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Vintage Valve Spring Compressor


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#1 jonsteffen OFFLINE  

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Posted March 05, 2012 - 03:30 PM

$(KGrHqF,!icE8Zh7pjM)BPT9bgZh9!~~60_571.jpg here is a side view







valve spring.jpg does anyone know how these work and do they work with a kohler engine
do u put this under the springs and push up untill the keepers come free

Edited by jonsteffen, March 05, 2012 - 09:15 PM.


#2 ckjakline OFFLINE  

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Posted March 05, 2012 - 03:37 PM

The one arm goes on top of spring one arm on bottom.You squeeze together and pull the keepers out.I'm not sure if it would work for kohler or not.It looks like it would.

#3 caseguy OFFLINE  

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Posted March 05, 2012 - 04:11 PM

That looks like a good one! The ratchet keeper is a very nice feature to have! It should work just fine for the Kohler if it will fit into the opening. It looks like it should as it has a narrow design.
I gotta tell you, I went out and bought a brand spanking new valve spring compressor when I started re doing my 1952 Case SC. It broke part way into the job and I never did find all of the pieces (after I threw it as far as I could)!! Member MH81 and his Dad came to the rescue with an assortment of "antique" compressors of different varieties. We tried several of them until we found the one that worked the best for the application. I am now the proud owner of 3 antique valve spring compressors myself that I picked up at swap meets, flea markets, and yard sales! It's good to have choices!

#4 MH81 ONLINE  

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Posted March 05, 2012 - 06:46 PM

I agree that it should work, but it was built for a larger engine. Probably an "L" head (Valve in Block) unit. Like the Continental, Ford, or Chrysler flatheads of the 40's and early 50's.

#5 olcowhand ONLINE  

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Posted March 05, 2012 - 06:51 PM

Maybe I'm looking at it wrong, but appears when the handles are squeezed, that the grapple ends spread apart, just as in the pics. :confuse:

#6 MH81 ONLINE  

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Posted March 05, 2012 - 07:07 PM

Maybe I'm looking at it wrong, but appears when the handles are squeezed, that the grapple ends spread apart, just as in the pics. :confuse:


Dan, that one is designed to push up on the spring so you can get the keeps out & then release. Other side goes against the adjusting nut on the lifter (pushrod)
I know this one is one of the favorites with the old Continental techs.

The other (more accepted style) of compressor is the one that keeps the spring compressed so it's easier to work with and you have less chance of stuff flying around the garage.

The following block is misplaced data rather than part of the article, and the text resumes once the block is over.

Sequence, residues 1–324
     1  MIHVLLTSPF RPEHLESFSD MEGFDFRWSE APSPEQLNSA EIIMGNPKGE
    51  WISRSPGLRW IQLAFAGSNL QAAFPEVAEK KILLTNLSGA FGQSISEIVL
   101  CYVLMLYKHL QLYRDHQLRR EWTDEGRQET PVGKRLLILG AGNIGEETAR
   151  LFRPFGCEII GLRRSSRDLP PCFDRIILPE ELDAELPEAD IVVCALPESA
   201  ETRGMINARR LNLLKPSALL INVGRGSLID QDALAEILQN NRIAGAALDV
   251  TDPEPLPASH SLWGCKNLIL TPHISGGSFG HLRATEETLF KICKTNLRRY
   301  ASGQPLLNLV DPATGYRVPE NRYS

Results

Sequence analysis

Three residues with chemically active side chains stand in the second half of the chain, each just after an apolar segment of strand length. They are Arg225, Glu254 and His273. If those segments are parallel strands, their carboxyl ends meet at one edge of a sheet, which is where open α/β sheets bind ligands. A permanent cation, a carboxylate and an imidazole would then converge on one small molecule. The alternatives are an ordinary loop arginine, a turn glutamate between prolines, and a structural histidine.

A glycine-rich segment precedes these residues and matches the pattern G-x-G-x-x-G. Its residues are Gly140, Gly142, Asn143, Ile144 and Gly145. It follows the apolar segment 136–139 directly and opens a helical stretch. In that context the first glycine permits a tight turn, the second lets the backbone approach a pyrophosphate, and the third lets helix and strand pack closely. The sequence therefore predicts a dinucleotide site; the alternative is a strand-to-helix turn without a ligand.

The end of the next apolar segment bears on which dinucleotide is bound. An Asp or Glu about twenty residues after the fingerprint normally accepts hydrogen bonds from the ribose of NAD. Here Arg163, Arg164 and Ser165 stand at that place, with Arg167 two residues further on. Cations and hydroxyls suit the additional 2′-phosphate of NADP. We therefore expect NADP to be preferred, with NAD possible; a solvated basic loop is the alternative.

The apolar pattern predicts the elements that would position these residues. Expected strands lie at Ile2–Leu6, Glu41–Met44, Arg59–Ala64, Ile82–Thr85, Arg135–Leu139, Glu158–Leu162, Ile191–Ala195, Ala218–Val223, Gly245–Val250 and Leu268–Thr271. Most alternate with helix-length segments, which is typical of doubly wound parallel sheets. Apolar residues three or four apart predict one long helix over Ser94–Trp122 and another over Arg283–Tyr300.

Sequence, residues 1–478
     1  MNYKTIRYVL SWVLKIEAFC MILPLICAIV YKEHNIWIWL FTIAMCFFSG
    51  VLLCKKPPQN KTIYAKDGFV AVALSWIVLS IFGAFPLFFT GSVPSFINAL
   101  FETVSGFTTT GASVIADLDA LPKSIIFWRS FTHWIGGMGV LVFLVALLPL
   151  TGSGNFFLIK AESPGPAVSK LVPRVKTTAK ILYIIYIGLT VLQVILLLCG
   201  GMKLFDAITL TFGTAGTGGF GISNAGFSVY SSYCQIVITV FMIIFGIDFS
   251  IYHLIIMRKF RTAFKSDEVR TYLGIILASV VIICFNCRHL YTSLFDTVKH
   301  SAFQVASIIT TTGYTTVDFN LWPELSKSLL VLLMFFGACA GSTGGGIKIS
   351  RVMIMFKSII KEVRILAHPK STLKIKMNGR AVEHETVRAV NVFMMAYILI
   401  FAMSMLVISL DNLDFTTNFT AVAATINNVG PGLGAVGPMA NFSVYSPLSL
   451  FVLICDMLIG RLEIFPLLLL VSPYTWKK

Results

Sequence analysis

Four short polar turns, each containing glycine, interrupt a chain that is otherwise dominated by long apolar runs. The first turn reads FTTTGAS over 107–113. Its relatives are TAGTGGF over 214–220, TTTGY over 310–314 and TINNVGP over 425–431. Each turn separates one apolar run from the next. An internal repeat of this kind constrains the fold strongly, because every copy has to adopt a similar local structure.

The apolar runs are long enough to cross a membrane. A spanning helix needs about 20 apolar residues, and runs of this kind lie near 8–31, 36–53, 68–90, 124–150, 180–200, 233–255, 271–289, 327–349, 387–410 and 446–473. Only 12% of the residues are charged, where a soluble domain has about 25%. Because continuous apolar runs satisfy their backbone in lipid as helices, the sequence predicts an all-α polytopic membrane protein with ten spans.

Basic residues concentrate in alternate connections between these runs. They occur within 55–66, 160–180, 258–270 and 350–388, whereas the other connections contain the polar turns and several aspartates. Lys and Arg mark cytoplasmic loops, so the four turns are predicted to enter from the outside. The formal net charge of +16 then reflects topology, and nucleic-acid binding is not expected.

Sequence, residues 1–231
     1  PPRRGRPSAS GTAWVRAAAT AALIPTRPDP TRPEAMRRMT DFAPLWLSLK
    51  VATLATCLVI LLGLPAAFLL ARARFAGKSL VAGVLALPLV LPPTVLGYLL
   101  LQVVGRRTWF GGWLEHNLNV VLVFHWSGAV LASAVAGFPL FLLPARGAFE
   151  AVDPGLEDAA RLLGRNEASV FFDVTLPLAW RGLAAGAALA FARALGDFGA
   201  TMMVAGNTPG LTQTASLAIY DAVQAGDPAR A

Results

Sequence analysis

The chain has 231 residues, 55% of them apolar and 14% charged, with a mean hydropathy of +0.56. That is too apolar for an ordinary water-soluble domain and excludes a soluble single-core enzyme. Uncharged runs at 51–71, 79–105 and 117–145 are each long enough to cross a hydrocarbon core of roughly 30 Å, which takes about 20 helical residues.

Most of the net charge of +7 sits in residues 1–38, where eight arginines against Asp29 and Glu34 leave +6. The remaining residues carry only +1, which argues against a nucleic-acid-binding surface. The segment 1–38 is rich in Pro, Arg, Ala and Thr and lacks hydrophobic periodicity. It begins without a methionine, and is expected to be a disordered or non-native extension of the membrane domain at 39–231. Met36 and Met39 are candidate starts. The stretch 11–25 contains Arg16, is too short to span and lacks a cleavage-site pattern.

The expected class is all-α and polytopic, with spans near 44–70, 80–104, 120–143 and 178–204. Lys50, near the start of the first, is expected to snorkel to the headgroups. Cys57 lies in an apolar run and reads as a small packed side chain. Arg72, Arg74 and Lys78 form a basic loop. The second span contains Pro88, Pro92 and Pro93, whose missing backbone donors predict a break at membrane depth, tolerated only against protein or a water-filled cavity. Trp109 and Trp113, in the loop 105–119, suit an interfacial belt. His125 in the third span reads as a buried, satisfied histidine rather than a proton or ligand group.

Here's a video of the second type in operation.

http://www.youtube.c...ZecZW68E8#t=26s

#7 olcowhand ONLINE  

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Posted March 05, 2012 - 07:18 PM

But the one in the pic confuses me. The cup shapes to cradle the spring cap are on the interior, just like the 2nd type in the video, yet when the one in the pis is squeezed, it has to use the other side to press against the spring, and there isn't a cup to cradle the spring?? :confuse:

#8 MH81 ONLINE  

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Posted March 05, 2012 - 07:27 PM

The shape of the interior is just to keep it from bending quite so easily. This style is made from stamped tin basically.

There are "dents" on the exterior of the unit to keep stuff from sliding much, but no "cups" so to speak

here is a pic of a similar one, but the second "U" is just a pin that pushes against the casting of the engine.
Posted Image
  • Alc said thank you

#9 jonsteffen OFFLINE  

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Posted March 05, 2012 - 08:59 PM

The shape of the interior is just to keep it from bending quite so easily. This style is made from stamped tin basically.

There are "dents" on the exterior of the unit to keep stuff from sliding much, but no "cups" so to speak

here is a pic of a similar one, but the second "U" is just a pin that pushes against the casting of the engine.
Posted Image

no it is heavy not tin but stamped steel

#10 MH81 ONLINE  

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Posted March 05, 2012 - 09:02 PM

no it is heavy not tin but stamped steel


Many of the ones I've seen are pretty thin for daily use, I'm sure they made better ones, glad you have one of them instead. I've seen the thinner ones bend under spring pressure.

#11 GTTinkerer OFFLINE  

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Posted March 05, 2012 - 09:03 PM

Here's a video of the second type in operation.

http://www.youtube.c...ZecZW68E8#t=26s


This is the type I have been using for about 20 years. Works great and back when I bought it it was around $15.

#12 olcowhand ONLINE  

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Posted March 05, 2012 - 09:06 PM

Ok, thanks Alan. All the types I've ever used or owned had the cup fit to the spring, so that threw me off kilter.

#13 jonsteffen OFFLINE  

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Posted March 05, 2012 - 09:16 PM

$(KGrHqF,!icE8Zh7pjM)BPT9bgZh9!~~60_571.jpg here is a side view

this might be better view everyone





valve spring.jpg does anyone know how these work and do they work with a kohler engine
do u put this under the springs and push up untill the keepers come free






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